Moreover, while the Baby Boom generation grew up at a time when voices of authority were preordained, the internet provides a more level playing field in which millennials make their own choices about thought leaders. Many are used to being asked about their preferences.
Whether they are students or staff members, millennials want data. They want to understand why they are being asked to do a particular assignment or why they have to adhere to a particular rule. They want to know up front what the expectations are and what success will look like.
“Be explicit,” Pollak said. “Always explain the “’why.’”
Pollak added that universities should be more transparent when it comes to hot-button issues such as sexual harassment or divestment.
“Over-communication beats under-communication,” she said.
While Pollak’s presentation focused on millennials, she acknowledged that members of Generation X – born between 1965 and 1980 – have an important role to play in the current multi-generational workforce. Though their numbers have been outpaced by the generation that follows them, Gen Xers can act as “the glue” between the generation that raised them and the one whose numbers are outpacing them. “They are bilingual. They know how the world was when Baby Boomers were in leadership, but they also know they need to adapt and change to the millennial style.”
Later in the day, SHEETAL PATEL, director of branding and digital communities for BEAM, Stanford Career Education, shared her research on Generation Z.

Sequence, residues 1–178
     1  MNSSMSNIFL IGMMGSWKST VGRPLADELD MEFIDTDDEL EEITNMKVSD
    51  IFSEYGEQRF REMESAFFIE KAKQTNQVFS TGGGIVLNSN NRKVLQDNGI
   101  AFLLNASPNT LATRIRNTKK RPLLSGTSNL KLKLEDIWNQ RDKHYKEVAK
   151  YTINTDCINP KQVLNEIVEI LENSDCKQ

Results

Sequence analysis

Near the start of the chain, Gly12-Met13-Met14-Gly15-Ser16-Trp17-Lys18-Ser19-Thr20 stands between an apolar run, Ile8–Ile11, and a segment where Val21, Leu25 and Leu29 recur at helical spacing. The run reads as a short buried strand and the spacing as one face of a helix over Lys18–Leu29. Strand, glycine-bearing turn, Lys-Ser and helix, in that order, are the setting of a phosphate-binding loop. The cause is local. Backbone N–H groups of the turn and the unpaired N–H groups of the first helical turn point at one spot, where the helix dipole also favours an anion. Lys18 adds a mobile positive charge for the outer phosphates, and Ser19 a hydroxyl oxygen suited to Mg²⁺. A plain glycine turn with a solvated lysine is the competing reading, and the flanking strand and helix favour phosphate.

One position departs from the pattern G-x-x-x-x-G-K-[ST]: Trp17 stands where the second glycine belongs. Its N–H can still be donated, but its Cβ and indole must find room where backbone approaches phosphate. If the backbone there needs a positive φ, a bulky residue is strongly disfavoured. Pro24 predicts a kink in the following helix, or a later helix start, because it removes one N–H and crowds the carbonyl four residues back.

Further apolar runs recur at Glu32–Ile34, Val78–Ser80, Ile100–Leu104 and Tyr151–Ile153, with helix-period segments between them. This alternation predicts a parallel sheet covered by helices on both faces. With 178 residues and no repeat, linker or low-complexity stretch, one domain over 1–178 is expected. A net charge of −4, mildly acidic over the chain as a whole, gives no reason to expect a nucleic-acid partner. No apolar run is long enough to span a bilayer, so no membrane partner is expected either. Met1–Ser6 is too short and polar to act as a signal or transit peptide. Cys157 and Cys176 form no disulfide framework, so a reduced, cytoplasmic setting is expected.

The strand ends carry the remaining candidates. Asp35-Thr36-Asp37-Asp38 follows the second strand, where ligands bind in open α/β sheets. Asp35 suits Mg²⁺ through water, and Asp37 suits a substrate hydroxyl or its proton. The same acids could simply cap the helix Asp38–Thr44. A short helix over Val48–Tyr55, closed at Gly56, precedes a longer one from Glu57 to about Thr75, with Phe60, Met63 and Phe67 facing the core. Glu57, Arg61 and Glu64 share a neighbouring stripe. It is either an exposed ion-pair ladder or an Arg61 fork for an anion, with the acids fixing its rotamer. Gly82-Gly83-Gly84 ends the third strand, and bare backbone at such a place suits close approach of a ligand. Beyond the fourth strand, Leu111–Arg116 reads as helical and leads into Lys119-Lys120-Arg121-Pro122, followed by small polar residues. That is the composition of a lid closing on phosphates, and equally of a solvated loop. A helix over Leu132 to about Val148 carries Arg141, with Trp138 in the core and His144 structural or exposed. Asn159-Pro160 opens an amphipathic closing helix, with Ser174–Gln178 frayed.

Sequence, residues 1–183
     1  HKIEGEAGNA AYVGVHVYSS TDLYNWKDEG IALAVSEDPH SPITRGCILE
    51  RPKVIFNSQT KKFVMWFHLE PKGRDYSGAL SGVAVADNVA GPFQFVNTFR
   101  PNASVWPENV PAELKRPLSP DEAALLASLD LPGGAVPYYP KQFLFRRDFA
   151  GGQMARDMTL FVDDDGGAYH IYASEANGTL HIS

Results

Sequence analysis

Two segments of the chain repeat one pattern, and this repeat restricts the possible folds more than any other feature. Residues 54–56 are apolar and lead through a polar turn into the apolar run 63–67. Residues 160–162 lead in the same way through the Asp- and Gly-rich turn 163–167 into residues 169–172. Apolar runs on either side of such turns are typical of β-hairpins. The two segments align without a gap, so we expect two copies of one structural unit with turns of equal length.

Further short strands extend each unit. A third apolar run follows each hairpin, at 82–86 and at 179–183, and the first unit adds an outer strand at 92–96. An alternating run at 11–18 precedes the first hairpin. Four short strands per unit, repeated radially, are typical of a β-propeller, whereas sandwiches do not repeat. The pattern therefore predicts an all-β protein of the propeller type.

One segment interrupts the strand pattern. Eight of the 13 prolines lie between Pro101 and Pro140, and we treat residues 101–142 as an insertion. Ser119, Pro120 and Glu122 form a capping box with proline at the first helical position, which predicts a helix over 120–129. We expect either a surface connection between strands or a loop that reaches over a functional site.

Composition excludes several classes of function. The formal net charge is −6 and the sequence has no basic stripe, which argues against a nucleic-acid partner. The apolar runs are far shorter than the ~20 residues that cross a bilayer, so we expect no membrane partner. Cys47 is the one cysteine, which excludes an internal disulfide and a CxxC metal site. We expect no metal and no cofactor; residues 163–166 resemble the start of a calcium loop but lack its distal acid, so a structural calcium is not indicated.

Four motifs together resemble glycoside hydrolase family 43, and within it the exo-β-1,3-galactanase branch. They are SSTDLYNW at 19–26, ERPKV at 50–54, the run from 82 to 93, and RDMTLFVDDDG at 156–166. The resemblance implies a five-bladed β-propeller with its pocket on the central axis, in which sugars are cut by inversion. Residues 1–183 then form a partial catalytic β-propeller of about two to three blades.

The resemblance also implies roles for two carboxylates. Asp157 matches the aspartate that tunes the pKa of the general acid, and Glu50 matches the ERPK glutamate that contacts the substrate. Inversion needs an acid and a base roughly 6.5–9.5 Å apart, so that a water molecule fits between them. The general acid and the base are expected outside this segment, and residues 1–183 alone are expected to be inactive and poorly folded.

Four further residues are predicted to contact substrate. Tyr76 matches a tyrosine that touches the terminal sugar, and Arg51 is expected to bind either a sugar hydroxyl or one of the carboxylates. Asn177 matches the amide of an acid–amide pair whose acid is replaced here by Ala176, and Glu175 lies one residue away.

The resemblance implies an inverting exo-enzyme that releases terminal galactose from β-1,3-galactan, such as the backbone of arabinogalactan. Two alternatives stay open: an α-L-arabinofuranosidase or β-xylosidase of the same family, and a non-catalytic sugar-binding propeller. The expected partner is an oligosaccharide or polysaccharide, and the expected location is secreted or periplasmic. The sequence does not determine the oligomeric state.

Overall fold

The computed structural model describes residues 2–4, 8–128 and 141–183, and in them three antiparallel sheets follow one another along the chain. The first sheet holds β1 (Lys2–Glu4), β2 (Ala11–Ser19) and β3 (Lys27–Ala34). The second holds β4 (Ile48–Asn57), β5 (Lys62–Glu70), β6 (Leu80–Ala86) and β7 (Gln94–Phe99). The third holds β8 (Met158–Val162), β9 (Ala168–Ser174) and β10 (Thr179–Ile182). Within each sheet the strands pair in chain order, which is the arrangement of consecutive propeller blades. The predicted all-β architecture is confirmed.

She invited a member of that generation, which she described as being born between 1995 and 2009, to speak for itself.
LAUREN CHAN, a Bay Area high school student who has conducted research with Patel, described Generation Z as one that also is “accustomed to customization,” thrives on face-to-face interactions and wants to be socially and politically engaged.
While Generation Z shares a number of similarities with its predecessor generation, its members’ lives are marked by historic political change – from the election of Barack Obama as the first black president to the more recent election of Donald Trump. From as young as middle school, they are engaged on issues across the political spectrum.
“Radical change is the new normal,” Chan said.
Generation Z’s days are bracketed by screen interactions in the morning and just before bedtime, said Chan. “As a result, face-to-face interactions are more, and not less, important to Generation Z.”
Patel noted that the first members of Generation Z are already here among Stanford’s student population. They don’t simply expect singular customized events, but a series of customized, transformative experiences. She challenged her colleagues to collaborate across their units to seek out opportunities to bring different perspectives to bear when creating student events and programs.
So, practically speaking, how do we keep up with the pace of change and produce these kinds of experiences for more than 16,000 students whose generational needs are also changing at warp speed?
“Think about the whole – all of us being on one unified path,” Patel said. “Community is what we do in Student Affairs.”
In addition to the keynotes by Pollak and Patel, the conference included remarks by Provost PERSIS DRELL, who shared her thoughts on change and credited Student Affairs staff for a great deal of the student learning that takes place outside the classroom. “You are front and center on that,” Drell said.